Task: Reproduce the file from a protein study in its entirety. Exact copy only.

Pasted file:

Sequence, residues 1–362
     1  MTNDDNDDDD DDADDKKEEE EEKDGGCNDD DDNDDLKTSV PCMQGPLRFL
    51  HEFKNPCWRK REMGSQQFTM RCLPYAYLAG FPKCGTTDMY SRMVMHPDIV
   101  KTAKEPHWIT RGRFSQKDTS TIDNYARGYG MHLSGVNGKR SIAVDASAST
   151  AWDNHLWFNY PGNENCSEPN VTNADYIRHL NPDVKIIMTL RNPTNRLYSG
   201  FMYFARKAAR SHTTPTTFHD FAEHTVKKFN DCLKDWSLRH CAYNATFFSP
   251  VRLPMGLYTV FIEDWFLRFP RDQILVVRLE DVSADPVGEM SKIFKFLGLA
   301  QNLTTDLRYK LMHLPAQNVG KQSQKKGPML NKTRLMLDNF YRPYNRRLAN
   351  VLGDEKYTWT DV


Sequence, residues 1–362
     1  MTNDDNDDDD DDADDKKEEE EEKDGGCNDD DDNDDLKTSV PCMQGPLRFL
    51  HEFKNPCWRK REMGSQQFTM RCLPYAYLAG FPKCGTTDMY SRMVMHPDIV
   101  KTAKEPHWIT RGRFSQKDTS TIDNYARGYG MHLSGVNGKR SIAVDASAST
   151  AWDNHLWFNY PGNENCSEPN VTNADYIRHL NPDVKIIMTL RNPTNRLYSG
   201  FMYFARKAAR SHTTPTTFHD FAEHTVKKFN DCLKDWSLRH CAYNATFFSP
   251  VRLPMGLYTV FIEDWFLRFP RDQILVVRLE DVSADPVGEM SKIFKFLGLA
   301  QNLTTDLRYK LMHLPAQNVG KQSQKKGPML NKTRLMLDNF YRPYNRRLAN
   351  VLGDEKYTWT DV